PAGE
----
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The site of the crypt of Saint Anastasius in Asti is definitely full of charm. Hidden from the eyes of passers-by walking through Corso Alfieri, it remained unknown to most for a long time, to be brought to light between the end of the Nineteenth century and the beginning of the Twentieth century. Inside, one of the sections visible thanks to the archeological excavations is the ancient Lombard cemetery.

Lombards in Asti and the origin of the cemetery. With the infiltration of people of Germanic origin in Italian territory, the use of Roman areas and public buildings ended. The zone occupied by the site of Saint Anastasius, before the arrival of Lombards in the town, was included in the Foro, a large, paved square; in the Roman world, it was the center of political, social and economic aggregation. Lost this function, it was used first as a cave to collect building material and later it became the seat of one of the most important religious centers in the city of Asti. In the area in fact a building in wood was erected, intended for Christian worship, and here a first cemetery was set up, with a group of burials probably belonging to the same family. These tombs were dated between the second half of the 7th century and the second half of the 8th century A.D.

The following burials were placed around the first stone church, especially in the eastern zone of the site, near the apse. The graves of a privileged group of people were put close to the church continuously for two centuries about.

Being buried here in fact meant a greater proximity to the most sacred part of the church, but also a remark of the prestige and social importance of the dead in front of the living.

The conversion to Christianity and the urban graves. Lombards were not always a Christian people; at the beginning in fact they were pagan and venerated female divinities connected to fertility and earth. Because of the contact with some other Germanic tribes, they started to accept the cult of military-inspired gods. After the arrival in Italy, following the contact with the Roman civilization, they converted themselves progressively to the Catholicism between the 6th and the 7th century.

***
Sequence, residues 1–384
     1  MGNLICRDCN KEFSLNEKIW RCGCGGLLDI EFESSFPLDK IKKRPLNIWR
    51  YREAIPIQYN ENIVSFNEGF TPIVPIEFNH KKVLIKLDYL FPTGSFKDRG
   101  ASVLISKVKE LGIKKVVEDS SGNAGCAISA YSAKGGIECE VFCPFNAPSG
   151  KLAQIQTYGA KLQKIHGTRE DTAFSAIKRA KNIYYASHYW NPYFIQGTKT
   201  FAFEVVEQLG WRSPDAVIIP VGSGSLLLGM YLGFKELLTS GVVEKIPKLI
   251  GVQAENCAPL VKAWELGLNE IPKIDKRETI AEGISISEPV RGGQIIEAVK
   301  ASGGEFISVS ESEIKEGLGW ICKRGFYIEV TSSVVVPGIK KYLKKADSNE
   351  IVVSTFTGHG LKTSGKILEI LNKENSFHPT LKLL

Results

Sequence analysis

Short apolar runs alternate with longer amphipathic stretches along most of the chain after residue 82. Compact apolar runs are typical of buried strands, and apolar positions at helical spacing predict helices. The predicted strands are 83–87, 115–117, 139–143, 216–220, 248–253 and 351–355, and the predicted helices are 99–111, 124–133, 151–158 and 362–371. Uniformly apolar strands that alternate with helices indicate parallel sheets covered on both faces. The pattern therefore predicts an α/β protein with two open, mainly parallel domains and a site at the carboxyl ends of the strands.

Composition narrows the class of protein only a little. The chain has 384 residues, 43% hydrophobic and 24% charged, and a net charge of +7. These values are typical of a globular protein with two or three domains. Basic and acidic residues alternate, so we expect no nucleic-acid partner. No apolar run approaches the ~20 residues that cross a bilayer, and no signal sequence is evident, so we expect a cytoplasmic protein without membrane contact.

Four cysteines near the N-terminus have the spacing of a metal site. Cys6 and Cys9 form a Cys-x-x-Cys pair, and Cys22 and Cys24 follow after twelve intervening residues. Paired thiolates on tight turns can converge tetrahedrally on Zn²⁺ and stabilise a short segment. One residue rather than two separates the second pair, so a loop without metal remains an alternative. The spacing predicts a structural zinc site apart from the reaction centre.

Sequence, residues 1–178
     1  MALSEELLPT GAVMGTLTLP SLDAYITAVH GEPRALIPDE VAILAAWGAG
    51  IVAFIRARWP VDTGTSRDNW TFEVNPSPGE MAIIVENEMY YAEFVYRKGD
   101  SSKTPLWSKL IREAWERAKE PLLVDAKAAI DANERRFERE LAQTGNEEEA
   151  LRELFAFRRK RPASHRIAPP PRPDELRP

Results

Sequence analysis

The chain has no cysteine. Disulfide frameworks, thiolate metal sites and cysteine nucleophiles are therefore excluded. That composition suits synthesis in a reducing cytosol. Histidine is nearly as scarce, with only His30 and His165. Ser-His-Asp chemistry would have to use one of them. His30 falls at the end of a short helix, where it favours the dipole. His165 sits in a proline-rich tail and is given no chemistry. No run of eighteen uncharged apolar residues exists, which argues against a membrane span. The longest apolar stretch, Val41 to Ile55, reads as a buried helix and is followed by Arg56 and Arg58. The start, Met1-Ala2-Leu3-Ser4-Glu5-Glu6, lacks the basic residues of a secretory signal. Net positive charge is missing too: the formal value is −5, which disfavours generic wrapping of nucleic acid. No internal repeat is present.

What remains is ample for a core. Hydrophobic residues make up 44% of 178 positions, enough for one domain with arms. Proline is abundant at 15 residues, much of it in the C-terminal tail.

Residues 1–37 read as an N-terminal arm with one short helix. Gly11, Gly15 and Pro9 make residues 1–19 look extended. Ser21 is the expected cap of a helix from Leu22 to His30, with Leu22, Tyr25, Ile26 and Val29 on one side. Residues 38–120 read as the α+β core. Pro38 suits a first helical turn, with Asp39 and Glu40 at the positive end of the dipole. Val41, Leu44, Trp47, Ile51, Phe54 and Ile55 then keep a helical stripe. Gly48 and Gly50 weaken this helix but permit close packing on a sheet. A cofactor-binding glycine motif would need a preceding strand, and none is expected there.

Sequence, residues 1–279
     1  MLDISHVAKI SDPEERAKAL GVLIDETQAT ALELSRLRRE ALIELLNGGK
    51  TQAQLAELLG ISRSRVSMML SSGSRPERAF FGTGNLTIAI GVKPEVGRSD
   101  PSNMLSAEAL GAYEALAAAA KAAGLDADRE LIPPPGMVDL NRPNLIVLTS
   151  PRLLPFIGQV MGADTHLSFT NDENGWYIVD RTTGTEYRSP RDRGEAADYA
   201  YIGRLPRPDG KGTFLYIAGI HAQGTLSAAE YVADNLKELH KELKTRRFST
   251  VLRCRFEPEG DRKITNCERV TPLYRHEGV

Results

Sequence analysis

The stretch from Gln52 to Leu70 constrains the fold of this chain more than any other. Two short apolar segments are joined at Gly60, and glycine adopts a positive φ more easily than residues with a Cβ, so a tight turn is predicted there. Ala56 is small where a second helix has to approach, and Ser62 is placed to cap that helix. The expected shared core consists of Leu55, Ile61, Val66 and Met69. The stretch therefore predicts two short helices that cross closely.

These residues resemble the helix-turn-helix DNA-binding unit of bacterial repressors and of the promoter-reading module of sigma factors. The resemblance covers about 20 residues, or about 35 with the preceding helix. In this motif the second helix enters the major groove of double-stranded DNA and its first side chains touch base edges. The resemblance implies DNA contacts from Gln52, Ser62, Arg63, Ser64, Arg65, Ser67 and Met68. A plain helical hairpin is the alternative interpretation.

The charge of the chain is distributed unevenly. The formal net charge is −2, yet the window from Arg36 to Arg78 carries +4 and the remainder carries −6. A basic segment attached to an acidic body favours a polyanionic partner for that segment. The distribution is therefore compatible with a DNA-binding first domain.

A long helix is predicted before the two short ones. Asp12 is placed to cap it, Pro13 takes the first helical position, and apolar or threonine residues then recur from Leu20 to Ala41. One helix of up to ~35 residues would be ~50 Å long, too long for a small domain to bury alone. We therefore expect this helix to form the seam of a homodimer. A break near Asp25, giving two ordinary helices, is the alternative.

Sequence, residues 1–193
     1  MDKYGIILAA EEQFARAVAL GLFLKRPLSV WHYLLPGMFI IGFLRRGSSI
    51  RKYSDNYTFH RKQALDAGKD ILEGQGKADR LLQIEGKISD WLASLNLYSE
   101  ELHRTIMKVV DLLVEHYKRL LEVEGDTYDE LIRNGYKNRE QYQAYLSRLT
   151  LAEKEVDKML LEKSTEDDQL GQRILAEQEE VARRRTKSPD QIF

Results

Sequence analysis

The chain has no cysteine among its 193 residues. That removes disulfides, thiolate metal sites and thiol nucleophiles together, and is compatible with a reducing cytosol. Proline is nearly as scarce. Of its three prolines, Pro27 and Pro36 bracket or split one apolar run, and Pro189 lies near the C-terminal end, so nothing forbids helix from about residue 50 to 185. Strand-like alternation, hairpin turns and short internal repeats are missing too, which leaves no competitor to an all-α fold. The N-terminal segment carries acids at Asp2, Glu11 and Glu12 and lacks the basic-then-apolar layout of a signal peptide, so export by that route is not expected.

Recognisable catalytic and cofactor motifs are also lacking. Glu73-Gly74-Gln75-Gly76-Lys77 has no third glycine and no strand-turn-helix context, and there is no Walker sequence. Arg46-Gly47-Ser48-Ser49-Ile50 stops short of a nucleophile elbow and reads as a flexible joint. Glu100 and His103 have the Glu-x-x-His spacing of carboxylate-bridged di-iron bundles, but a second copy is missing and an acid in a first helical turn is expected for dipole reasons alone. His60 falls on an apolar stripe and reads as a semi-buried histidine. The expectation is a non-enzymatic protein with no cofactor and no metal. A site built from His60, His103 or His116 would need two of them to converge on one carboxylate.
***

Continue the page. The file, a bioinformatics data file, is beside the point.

The faith in Christian resurrection leaded to the choice to bury the dead, instead of cremating them, because the believer in Christ would be resurrected with his own body. Anyway, the cemetery of Saint Anastasius proves not only the conversion of Lombards, but also a trend that develops during the Middle Ages, with the relocation of cemeteries within the cities. Previously the Roman laws prohibited to put graves within the city walls; the cemeteries were located immediately outside the urban center, along the sides of the roads leading to the urban doors.

The places of the dead were separated rigorously from those of living, also to protect the public hygiene. The adoption of this new custom marks a radical transformation that will have deep effects on the conception of death in the Middle Ages, with an increasing familiarity with it, associated among other things with the cult of martyrs, as in the case of Asti, and their tombs. Moreover, the salubrity of urban agglomerations, for centuries protected by Roman laws, will be lost.


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